There has been a flurry of articles published recently about tablets, and general technology use, and how overuse at home may be having a detrimental impact on early childhood development. These articles often highlight a practitioner’s viewpoint that physical development is the lowest it has ever been, that children can’t hold paintbrushes and there are no mouse or keyboard skills these days. As with most good things in life, good health and well-being comes with careful balance and always in moderation; it’s not often that a total ban is a necessary solution.
I was going to write about this, and why I think a complete ban or avoidance of technology in early years will not close the gap in physical development and social skills. I would have written something along these points:
- We are supposed to find out what children bring to their learning, what skills they have, and develop them.
- Technology is 1 area of learning where children’s home skills do not match the skills we want to see in learning.
- Children are consuming content at home (watch video, play games, listen to music) and we need to teach them to create with technology (make films, code games and create music).
My point would be, if we are recognising children have an unbalanced diet with technology, that they are consuming too much content, then we should be planning for our children to learn how to create. If they learn how to create with technology, their characteristics of effective learning are enhanced. We would give them another way to express themselves, in a medium they are interested in. Then, what if, they go away and download these apps at home? Suddenly, the gaps could start to close. That children are making stunning photographs, meaningful films, collaborating and sharing their work with a real audience. Their learning becomes focused on the idea and the task… and not the device.
But I decided not to write about that.
Instead, I want to share apps to use on 1 iPad, that require no touch at all and we can put the iPad down and make it respond to us using all of our physical skills. Those skills that we need to develop now more than ever.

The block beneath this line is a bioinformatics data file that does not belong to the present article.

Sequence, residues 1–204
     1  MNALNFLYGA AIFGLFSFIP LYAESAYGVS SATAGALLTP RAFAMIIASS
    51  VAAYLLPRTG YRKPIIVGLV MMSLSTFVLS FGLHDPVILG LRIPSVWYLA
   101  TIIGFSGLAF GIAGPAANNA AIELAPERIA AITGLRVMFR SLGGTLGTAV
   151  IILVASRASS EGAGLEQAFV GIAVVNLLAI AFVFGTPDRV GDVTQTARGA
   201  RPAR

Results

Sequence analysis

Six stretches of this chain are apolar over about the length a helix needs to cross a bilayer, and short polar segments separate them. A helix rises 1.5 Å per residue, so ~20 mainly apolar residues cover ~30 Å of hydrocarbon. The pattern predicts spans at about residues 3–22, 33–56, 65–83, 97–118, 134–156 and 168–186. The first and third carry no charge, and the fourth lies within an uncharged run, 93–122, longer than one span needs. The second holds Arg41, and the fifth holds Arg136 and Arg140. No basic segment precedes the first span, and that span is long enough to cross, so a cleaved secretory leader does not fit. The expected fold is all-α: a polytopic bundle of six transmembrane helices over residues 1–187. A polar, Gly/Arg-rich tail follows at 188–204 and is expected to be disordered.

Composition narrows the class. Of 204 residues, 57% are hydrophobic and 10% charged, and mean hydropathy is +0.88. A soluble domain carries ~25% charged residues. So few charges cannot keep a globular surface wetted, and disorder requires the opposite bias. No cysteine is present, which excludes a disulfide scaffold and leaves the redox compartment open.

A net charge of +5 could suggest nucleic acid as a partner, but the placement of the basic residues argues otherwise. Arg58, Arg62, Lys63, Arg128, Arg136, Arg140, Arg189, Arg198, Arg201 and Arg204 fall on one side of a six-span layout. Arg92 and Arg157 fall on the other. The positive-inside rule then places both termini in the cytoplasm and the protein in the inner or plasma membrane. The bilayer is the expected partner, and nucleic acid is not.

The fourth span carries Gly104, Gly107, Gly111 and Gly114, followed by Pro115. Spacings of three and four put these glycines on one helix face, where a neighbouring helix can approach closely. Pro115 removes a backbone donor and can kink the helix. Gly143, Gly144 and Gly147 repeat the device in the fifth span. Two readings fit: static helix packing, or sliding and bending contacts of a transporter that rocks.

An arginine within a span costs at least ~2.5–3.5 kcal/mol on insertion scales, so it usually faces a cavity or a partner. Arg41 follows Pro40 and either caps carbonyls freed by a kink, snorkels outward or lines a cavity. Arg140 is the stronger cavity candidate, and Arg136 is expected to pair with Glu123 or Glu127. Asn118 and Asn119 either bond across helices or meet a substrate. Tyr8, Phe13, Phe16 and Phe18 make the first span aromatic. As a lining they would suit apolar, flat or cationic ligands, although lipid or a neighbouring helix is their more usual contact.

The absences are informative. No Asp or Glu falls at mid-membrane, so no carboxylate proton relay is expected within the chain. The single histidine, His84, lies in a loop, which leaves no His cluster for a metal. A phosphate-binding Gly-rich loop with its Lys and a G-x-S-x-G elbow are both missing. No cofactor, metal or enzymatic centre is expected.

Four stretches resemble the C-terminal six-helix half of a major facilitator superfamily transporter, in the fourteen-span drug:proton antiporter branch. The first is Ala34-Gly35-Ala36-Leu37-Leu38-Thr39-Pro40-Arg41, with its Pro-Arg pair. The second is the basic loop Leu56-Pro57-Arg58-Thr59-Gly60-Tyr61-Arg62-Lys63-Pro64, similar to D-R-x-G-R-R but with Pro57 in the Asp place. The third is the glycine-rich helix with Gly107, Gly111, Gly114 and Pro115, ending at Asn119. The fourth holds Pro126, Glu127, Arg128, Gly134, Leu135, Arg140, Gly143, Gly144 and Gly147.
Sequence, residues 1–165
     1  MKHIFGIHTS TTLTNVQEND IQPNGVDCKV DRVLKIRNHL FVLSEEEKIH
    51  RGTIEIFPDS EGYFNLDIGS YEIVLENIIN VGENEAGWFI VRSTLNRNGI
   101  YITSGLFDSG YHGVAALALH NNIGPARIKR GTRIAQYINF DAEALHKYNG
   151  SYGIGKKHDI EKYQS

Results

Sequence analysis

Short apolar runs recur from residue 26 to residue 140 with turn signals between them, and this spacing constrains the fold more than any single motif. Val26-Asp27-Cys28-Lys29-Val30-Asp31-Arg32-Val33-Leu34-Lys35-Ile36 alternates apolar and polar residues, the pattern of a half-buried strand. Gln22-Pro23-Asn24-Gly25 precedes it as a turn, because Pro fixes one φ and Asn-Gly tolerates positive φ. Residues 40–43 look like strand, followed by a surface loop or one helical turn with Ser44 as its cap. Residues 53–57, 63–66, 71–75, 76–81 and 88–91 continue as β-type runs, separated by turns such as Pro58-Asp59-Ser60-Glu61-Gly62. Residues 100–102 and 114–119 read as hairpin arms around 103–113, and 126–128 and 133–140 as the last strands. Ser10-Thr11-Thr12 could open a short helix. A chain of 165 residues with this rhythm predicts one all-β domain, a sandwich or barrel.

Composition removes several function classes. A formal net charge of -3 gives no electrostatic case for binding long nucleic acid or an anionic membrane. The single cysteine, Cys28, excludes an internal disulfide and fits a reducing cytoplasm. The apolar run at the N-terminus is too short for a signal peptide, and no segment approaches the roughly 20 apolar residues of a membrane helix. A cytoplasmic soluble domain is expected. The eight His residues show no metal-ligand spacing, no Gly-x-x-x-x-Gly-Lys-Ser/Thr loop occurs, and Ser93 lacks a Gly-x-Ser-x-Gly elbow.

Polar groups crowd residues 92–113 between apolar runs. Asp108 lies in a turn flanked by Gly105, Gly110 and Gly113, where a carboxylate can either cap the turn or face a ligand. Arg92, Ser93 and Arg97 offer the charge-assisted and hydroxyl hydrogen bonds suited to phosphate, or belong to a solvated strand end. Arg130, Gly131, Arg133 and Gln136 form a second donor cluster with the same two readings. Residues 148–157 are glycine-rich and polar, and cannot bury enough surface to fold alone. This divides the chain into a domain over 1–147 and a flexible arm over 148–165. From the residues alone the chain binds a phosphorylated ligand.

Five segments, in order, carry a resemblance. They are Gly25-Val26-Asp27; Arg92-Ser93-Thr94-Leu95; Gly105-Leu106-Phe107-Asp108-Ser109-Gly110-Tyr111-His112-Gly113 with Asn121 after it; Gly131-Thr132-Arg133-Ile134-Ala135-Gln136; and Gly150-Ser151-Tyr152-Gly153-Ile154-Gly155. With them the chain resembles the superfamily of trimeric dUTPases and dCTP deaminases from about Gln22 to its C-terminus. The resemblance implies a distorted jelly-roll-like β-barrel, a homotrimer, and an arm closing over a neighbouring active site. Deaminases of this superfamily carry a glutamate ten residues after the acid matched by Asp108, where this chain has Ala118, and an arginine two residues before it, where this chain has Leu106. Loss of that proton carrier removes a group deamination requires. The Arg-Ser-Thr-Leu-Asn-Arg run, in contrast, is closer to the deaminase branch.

This is a visual app where the graphic on screen responds to sound input from the microphone. Put the iPad on the carpet and sit around it as a group, large or small. Select one of the graphic buttons on the screen and start a rhythmic clap. What happens to the graphic on screen? Now try a round of applause. It’s lot of fun to watch how the sound you create is represented visually. This is a wonderful inclusive activity for children with hearing difficulties too. Whats more, is you could connect your iPad to a projector or large screen, turn the lights off and let the colours your sound is creating fill the room for a sensory light experience.
Speak Up: Free
We are staying with the microphone and visual representation of sound with this one. This free app does the same as Mica but it will represent sound in different ways, such as the passage of time.
In your circle, sitting around the iPad, try that rhythmic clapping again. Observe what happens on screen with the visuals set to the bars or the timeline. Take moments of silence as well as bursts of loud sounds. You can also try using your voice; make some ‘ooooooo’ ‘aaaaaaa’ ‘eeeeeee’ sounds (and pat your hand on your lips as you do it!) This is great for reluctant speakers or non-verbal children. It makes communicating with your voice fun and takes the emphasis off of speaking words to peers.
Seismometer 6: Free